Tonight I must go to some tropical place.
While I’m sleeping in that country’s dry season,
I want a moth to dust my dreams,
to settle on my cheek and dip,
delicately, into this deep
well of sadness.
In tropical places, New Scientist assures me,
moths do this. Walking on stilts over a continent
of sleeping grief, they titillate the tearducts
and suck, greedily, this soup.
What does it matter
who has fallen in? To the moths
all emotions swill, expediently, into food.
To Thailand, New Guinea — or perhaps
the far north of Queensland where I lived once,
I must go. Too late the tropics claim me.
I am displaced. With my fuzzy-wuzzy hair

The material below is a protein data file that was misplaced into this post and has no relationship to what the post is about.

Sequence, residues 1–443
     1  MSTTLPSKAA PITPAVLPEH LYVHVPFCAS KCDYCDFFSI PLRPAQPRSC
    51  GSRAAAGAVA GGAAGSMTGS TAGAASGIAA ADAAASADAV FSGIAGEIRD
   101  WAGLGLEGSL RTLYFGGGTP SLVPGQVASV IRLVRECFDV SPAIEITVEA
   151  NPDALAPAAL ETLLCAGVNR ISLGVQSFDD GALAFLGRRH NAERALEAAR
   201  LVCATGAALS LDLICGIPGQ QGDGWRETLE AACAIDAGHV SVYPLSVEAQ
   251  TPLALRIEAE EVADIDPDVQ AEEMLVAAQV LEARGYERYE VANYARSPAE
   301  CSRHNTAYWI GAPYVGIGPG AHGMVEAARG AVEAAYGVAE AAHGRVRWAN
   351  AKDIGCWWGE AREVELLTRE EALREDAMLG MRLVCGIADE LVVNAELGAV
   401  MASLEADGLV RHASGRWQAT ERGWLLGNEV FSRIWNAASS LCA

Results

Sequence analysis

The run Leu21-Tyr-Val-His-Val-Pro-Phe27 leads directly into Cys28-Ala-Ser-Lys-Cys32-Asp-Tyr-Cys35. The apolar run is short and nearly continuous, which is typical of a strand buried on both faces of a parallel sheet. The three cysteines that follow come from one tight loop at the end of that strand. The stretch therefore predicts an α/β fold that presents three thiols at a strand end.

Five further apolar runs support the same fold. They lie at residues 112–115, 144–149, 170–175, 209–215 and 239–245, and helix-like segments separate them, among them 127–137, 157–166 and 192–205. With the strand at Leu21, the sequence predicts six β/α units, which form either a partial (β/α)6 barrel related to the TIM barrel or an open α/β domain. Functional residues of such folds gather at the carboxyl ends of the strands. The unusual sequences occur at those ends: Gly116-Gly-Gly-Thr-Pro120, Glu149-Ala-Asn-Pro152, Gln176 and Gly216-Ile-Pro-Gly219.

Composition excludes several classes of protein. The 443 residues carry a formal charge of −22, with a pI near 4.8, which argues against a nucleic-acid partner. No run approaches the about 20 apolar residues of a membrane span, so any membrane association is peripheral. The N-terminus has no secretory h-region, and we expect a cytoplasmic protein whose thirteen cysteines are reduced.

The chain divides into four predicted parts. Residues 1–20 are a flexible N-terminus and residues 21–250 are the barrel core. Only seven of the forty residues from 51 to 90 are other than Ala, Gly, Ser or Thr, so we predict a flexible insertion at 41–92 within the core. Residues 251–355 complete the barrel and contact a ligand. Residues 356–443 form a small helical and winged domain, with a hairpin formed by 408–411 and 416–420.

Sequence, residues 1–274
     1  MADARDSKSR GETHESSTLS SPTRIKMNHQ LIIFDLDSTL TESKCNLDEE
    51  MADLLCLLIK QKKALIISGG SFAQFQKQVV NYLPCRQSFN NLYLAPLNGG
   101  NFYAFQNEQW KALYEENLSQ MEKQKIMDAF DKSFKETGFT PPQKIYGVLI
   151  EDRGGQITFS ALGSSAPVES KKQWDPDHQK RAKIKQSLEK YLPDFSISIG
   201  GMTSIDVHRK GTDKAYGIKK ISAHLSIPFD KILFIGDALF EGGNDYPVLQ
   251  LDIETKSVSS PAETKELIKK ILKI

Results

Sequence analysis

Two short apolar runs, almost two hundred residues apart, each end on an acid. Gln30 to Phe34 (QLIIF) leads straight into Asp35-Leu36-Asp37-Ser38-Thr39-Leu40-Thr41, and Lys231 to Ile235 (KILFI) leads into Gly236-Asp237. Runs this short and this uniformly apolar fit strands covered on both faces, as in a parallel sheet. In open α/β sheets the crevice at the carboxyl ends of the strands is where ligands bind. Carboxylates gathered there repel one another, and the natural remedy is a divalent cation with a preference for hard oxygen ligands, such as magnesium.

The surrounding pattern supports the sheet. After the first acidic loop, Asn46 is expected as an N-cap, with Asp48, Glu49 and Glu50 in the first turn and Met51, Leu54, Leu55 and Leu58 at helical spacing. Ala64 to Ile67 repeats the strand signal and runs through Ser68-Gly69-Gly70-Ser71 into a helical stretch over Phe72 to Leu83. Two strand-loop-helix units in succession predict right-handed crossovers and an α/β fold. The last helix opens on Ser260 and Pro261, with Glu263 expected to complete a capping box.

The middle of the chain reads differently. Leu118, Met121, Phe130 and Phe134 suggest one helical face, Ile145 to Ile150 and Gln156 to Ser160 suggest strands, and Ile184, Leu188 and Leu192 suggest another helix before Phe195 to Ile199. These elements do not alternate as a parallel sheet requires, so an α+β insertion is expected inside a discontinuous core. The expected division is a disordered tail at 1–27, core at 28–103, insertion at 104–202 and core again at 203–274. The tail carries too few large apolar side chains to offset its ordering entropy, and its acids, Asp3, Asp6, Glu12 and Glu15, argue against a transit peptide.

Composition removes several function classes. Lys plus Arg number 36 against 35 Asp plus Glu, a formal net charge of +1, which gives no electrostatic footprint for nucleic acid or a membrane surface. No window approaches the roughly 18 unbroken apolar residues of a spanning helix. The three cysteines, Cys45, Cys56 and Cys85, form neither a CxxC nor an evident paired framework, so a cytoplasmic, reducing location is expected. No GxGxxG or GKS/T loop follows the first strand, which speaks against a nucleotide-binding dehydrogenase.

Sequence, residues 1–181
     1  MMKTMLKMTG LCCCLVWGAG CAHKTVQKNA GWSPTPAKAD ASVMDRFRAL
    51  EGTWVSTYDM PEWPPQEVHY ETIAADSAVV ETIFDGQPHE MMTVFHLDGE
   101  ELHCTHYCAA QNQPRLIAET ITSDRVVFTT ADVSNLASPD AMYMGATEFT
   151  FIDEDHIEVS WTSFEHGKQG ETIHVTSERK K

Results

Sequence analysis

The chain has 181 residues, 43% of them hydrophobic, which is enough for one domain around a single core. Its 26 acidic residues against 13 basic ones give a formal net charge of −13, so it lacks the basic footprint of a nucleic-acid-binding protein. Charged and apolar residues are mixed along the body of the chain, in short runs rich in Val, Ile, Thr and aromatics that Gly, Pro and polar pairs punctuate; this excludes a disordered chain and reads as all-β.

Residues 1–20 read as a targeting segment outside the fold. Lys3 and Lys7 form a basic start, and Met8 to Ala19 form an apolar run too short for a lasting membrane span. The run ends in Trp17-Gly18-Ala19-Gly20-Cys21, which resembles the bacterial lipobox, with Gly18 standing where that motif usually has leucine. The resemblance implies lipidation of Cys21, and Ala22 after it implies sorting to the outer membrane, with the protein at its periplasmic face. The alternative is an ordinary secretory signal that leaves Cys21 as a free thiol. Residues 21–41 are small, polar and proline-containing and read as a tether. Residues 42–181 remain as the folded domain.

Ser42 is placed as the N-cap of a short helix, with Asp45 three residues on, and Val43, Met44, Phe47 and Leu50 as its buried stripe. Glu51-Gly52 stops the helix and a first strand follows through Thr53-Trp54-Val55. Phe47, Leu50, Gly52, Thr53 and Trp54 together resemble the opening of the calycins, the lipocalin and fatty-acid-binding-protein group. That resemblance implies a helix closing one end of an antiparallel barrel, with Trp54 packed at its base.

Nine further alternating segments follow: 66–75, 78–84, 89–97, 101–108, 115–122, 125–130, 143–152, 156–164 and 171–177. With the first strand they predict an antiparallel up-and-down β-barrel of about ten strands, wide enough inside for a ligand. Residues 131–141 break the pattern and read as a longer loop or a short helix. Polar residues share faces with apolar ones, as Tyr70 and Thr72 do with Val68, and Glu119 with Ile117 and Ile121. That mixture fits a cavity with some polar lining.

and my lizard love of sun,
I live light-skinned in the cold —
while cyclones whirl me back to child years
of rubber vines and crocodiles, mangoes
and pythons. North of an imaginary tropical line,
in me every new year floods.
So now like the bottomless crater in the rainforest
where, long ago Aborigines were thrown,
this well is deep and full.
Tonight then, let a greedy moth come.
With its present of pain let it wander
in that darkness I cannot reach. Let it scavenge
this swell, this murmur of mourning
where I sink. Lost in sleep I shall be
not weeping, but waiting
for a sea-sheen in the jungle,
a ripple not of reptiles but of sunlight,
a tattoo of hope over each eyelid
and when I wake, a farewell salute
of wings through a whirlwind
of salt, mapping my continent’s edge.
(from The Satin Bowerbird 1998)